Dance review: Act V (digital), Australia Ballet

As part of the Bodytorque.Digital online series by Australian Ballet, Act V explores the 'tension between exhaustion and renewal.'

Act V began as an invitation by The Australian Ballet’s recently appointed artistic director, David Hallberg, to Daniel Riley to create a piece with one of the company’s dancers for the Bodytorque.Digital season. Riley, a Wiradjuri artist, who has worked at Bangarra Dance Theatre as a dancer and choreographer, said he immediately thought of principal dancer Dimity Azoury for the piece. She was a perfect choice for the collaboration; there is intense ease in the way in which she glides through space, and spirit in her gestures. Riley explains that this piece explores the moments after performance for dancers: ‘What is the process of shedding… internally and physically as [they] transition… home?’ The vocabulary of the work is tender and raw, as Azoury dances in swooping, changing directions, rolling her head and running her hands over her face and limbs, emulating discarding clothing and ablution; as if she were washing and sloughing off the day. The cinematography, by Brett Ludeman, David Ward and David McRobbie Park, skillfully tracks the movements and expressions of Azoury’s movements in a rippling, effortless way.

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The barren urban backdrop in which she dances (a concrete car park) contrasts with the intimacy of the choreography and as such, is a perfect ‘punctum’, as Roland Barthes would have it, an ‘accident that pricks… bruises [and is]… poignant’ to the viewers. It creates a pathos in the viewing experience that may not have been as profound live, in the space of a theatre. This, combined with the unpredictable shuffle and twist of James Howard’s score, piques the curiosity of the viewer.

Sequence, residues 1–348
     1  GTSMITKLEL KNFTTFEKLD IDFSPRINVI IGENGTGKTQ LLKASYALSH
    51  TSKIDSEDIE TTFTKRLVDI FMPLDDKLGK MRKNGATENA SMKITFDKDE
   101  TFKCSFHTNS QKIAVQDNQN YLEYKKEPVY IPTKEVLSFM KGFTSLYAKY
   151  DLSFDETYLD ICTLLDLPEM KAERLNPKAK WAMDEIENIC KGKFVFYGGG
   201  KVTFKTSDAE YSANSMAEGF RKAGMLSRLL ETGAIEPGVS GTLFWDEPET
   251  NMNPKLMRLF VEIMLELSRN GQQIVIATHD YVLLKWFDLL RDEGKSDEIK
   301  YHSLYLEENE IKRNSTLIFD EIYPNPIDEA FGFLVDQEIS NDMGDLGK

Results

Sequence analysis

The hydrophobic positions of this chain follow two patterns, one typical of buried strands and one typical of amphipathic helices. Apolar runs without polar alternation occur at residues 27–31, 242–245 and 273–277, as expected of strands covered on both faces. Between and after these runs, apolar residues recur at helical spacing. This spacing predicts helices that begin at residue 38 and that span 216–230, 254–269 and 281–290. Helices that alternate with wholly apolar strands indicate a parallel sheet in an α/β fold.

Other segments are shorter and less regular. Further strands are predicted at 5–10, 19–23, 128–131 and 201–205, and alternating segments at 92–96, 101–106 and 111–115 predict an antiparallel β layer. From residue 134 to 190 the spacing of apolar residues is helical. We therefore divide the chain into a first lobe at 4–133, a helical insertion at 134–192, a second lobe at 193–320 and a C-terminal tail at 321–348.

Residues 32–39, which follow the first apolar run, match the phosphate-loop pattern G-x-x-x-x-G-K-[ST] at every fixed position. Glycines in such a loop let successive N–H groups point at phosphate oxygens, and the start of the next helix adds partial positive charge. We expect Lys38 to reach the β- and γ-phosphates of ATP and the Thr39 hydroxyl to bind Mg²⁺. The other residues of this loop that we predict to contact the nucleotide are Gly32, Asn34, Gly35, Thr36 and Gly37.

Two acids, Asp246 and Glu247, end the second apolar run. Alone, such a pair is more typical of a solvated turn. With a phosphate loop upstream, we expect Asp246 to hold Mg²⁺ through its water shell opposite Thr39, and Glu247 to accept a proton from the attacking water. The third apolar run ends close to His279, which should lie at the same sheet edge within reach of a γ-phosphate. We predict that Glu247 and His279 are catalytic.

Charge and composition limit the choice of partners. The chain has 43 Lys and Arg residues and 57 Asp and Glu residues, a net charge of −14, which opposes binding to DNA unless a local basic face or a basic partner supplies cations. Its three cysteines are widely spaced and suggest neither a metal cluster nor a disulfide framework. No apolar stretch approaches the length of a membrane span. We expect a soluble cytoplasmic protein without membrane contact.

Latent in this piece is the tension between exhaustion and renewal; it communicates with viewers the tug of expectation and perfection upon dancers’ bodies and the necessity of introspection and rest. This is an important work given the shared experiences of lockdown we have had, where many of us have had to grapple with interiority and soul-searching. It is also touching because it invites audiences to consider the rarely seen moments of a dancer’s private life and therefore close the distance between these extraordinary artists and our own struggles. 

Act V is available to watch as part of The Australian Ballet’s Bodytorque.Digital Season: 

Act V
Choreography: Daniel Riley
Presented by Bodytorque.Digital Online by the Australian Ballet
Performer: Dimity Azoury
Music: James Howard
Cinematography: Brett Ludeman, David Ward and David McRobbie Park Production Graphics: Stephen Wood
Producer: Robyn Fincham

Leila Lois is a dancer and writer of Kurdish and Celtic heritage. Her poetry, essays and reviews have been published in Australia, New Zealand, USA and Canada by Southerly Journal, LA Review of Books, Honey Literary Journal, Right Now, Delving Into Dance and more.